Family • Fabaceae - Alibangbang - Bauhinia malabarica Roxb. - MALABAR ORCHID
|Bauhinia malabarica Roxb.|
|Bauhinia tomentosa Blanco|
|Bauhinia purpurea Vidal|
|Piliostigma acidum Benth.|
|Piliostigma malabaricum (Roxb.) Benth.|
|Alibangbang (Tag., Bis., Pamp.)|
|Kalibanbang (Pang., Tag.)|
|Lilac bauhinia (Engl.)|
|Malabar bauhinia (Engl.)|
|Malabar orchid (Engl.)|
Additional Sources and Suggested Readings
(1) Antinociceptive, Anti-Inflammatory and Antipyretic Properties of the Aqueous Extract of Bauhinia purpurea Leaves in Experimental Animals / Zainul Amiruddin Zakaria, Loo Yi Wen, et al / Med Princ Pract 2007;16:443-449 (DOI: 10.1159/000107749)
(2) Inhibition of Heinz body induction of six common Thai medicinal leaves and creeping stems in in vitro antioxidant study model./ Soogarun, S., Wiwanitkit, V., Suwansuksri, J.
(3) Chemical composition and nutritional potential of the tribal pulse (Bauhinia malabarica Roxb). / Vijayakumari K, Siddhuraju P, Janardhanan K. / Plant Foods Hum Nutr. 1993 Nov;44(3):291-8.
(4) Preliminary phytochemical screening from different parts of Bauhinia tomentosa L. and Bauhinia malabarica Roxb. (Caesalpiniaceae) / Thenmozhi Krishnasamy, Manian S, Paulsamy S / Research & Reviews, Vol 1, No 1 (2012)
Alibangbang is a small but stocky tree growing to a height of 8 to 10 meters. Bark is yellowish-brown. Branches are freely rebranched, with a dense crown, the ultimate ones smooth. Leaves are broader than long, 5 to 10 centimeters in length, heart-shaped at the base, deeply notched at the apex. Flowers are white and rather large. Pods are long, narrow, and flattened, 20 to 30 centimeters by 1.5 to 2.5 centimeters.
– Very common on open, dry slopes, in regions with long dry seasons in Luzon (Ilocos Norte to Laguna).
– Also occurs in India to Indo-China, Java and Timor.
• Bark contains a tannin, 9.5 %.
• Oil extracted from the seeds was 16%, with linolenic 0.81%, linoleic, 47.26%, oleic 15.26%, stearic 19.29%, palmitic 17.18%, myristic 0.02%.
• Yields antimalarial compounds, preracemosols A and B.
• Seeds yield a higher amount of crude lipid. Seeds are rich in minerals Ca, Mg, Fe. Glutelins (45%) comprise the major seed protein; globulins, 34%.
• Methanol extract of leaves yielded seven flavanols: 6,8-di-C-methylkaempferol 3-methyl ether, kaempferol, afzelin, quercetin, isoquercitrin, quercitrin, and hyperoside were isolated from the methanol extract of leaves.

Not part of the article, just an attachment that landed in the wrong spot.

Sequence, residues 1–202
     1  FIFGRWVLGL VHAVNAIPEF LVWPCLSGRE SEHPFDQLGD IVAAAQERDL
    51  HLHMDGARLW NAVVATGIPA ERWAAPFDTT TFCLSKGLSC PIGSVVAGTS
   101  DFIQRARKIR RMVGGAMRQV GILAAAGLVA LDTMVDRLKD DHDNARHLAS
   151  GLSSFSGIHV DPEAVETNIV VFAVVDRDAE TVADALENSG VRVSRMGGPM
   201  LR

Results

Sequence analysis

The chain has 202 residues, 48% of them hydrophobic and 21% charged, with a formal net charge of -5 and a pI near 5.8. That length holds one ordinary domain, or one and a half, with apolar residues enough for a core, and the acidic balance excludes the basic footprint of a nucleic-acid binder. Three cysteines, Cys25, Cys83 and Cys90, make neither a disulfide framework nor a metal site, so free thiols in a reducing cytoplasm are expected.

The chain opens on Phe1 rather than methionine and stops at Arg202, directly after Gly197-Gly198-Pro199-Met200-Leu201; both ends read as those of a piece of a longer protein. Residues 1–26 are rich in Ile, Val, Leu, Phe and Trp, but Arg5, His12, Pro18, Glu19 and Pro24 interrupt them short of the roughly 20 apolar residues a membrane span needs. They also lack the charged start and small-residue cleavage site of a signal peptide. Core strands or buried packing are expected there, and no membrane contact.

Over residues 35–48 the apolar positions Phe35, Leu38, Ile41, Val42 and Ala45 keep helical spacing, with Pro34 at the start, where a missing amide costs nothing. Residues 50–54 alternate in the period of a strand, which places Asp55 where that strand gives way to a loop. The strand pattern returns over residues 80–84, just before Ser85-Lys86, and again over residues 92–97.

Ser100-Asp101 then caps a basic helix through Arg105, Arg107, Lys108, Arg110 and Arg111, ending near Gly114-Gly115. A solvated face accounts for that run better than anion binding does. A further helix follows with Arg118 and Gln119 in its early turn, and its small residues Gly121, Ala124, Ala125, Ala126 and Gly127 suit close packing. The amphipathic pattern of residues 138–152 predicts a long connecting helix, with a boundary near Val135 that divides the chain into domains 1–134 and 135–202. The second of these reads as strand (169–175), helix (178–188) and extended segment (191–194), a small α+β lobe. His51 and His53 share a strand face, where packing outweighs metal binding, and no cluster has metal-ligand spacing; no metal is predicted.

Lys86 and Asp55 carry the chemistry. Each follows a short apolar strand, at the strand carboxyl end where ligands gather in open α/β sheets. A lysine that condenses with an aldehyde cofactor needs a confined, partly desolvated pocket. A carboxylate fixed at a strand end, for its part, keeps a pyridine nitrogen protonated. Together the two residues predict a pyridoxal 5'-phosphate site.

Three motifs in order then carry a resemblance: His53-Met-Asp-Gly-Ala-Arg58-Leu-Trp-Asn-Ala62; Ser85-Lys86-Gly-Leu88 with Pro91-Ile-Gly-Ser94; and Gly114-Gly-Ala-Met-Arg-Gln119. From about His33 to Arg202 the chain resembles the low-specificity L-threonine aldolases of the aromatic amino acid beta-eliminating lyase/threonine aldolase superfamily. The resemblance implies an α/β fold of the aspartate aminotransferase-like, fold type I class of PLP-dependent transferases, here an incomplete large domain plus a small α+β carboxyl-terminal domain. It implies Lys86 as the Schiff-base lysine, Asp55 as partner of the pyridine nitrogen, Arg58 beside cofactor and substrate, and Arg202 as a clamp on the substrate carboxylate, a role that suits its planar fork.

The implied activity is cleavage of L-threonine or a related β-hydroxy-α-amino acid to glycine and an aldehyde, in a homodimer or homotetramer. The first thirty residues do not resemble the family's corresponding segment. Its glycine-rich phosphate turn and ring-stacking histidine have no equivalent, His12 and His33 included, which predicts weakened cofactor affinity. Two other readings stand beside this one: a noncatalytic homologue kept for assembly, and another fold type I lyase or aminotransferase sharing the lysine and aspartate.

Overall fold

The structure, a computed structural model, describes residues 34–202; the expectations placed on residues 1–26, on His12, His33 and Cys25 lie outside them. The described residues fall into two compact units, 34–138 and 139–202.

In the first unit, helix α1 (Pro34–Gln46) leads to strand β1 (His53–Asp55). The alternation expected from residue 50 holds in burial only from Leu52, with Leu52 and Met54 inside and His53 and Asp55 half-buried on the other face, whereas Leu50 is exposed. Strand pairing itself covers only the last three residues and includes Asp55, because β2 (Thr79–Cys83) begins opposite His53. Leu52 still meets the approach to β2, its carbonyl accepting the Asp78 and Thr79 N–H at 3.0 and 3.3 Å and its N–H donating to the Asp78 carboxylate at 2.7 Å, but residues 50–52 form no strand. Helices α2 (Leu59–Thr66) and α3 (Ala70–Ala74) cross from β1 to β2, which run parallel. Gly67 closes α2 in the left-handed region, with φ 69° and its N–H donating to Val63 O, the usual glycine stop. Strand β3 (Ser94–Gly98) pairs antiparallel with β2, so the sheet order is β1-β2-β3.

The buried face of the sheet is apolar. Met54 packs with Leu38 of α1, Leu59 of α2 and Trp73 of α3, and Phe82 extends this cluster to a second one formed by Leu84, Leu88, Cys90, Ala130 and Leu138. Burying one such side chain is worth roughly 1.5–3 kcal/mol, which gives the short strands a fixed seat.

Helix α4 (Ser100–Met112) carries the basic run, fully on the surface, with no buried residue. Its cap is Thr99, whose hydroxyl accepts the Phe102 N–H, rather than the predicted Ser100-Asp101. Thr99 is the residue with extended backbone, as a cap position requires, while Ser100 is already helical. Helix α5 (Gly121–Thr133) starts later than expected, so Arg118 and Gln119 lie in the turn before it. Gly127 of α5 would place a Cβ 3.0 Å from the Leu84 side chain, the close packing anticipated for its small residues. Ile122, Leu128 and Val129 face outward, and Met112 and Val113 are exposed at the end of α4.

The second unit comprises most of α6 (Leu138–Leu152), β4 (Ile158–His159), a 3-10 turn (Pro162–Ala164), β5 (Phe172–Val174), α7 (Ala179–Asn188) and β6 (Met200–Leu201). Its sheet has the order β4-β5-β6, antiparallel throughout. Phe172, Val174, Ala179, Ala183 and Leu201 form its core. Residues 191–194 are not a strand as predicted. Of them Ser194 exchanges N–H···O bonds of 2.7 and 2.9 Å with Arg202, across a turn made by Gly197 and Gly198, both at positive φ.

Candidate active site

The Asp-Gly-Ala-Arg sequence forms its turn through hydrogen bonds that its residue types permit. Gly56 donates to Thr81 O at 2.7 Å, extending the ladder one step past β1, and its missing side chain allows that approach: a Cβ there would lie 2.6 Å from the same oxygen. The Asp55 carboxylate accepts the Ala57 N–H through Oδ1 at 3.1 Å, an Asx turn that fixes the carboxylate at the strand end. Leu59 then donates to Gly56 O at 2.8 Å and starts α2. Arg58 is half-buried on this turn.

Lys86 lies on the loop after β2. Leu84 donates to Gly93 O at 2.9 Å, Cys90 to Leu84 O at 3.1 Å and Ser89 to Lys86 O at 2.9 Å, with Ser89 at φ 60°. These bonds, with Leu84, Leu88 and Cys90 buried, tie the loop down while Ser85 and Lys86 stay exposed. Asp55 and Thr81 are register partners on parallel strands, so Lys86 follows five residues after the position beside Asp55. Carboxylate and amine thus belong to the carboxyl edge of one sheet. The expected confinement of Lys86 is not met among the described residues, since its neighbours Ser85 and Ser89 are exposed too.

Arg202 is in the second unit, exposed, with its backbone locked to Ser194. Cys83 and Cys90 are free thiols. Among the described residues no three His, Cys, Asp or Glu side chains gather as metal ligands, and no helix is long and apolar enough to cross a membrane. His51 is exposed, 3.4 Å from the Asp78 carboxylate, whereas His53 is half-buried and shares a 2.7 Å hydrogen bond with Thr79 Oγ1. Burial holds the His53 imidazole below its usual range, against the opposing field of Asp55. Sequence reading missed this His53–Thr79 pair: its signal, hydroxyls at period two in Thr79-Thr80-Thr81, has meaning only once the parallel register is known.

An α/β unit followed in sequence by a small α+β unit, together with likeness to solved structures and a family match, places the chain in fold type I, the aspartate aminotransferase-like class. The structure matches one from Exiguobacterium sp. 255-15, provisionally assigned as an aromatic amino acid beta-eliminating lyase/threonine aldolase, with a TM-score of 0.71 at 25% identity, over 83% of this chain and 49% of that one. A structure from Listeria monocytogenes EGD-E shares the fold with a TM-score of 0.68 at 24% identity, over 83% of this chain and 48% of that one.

– Seeds rich in minerals Ca, Mg, and Fe. Unsaturated fatty acids, oleic acid and linoleic acid, are dominant in seed lipids.
– Considered digestive, antidysenteric, emmenagogue, antibacterial, antioxidant, antifungal, pectoral, stomachic, anthelmintic, antiperiodic.
Edibility / Culinary / Nutritional
– Leaves are sour.
– In the Philippines, commonly used as flavoring for meat and fish (sinigang and sinampalukan dishes).
– Excellent source of calcium; good source of iron.
– Infusion of fresh flowers for dysentery.
– In Malabar, decoction of root bark used for liver problems.
– Bark also used for dystentery.
– Leaves applied to the forehead for fevers.
– The roots of Desmodium elegans, combined with the bark juice of Bauhinia malabarica has been used for the treatment of cholera.
– In traditional Thai medicine, used for wound healing, diuretic, emmenagogue, and for dysentery.
• Flavonols from Bauhinia malabarica: Seven flavanols were isolated from the methanol extract of leaves. Of the isolated compounds, isoquercetin showed the highest scavenging activity.
• Antinociceptive / Antiinflammatory / Antipyretic: A study of aqueous extract of Bauhinia purpurea leaves on animal models showed significant antiinflammatory, antinociceptive and antipyretic activities and confirms the folkloric use of the plant for pain and inflammation.
• Antioxidant: An extract study for the antioxidant activity of six Thai medicinal plants showed Bauhinia malabarica leaves to have potent inhibitory effect in inhibition of hemoglobin precipitation caused by oxidants.
• Phytochemical Screening: Edible and therapeutically important parts of B. tomentosa and B. malabarica were evaluated phytochemically. Acetone extracts of both plants showed substantial amounts of total phenolics, tannins, condensed tannins, flavonoids, and vitamin C. Seed extracts also exerted significantly higher flavonoid and condensed tannin contents. Results suggest a potential sources for health, food, and pharmaceutical products.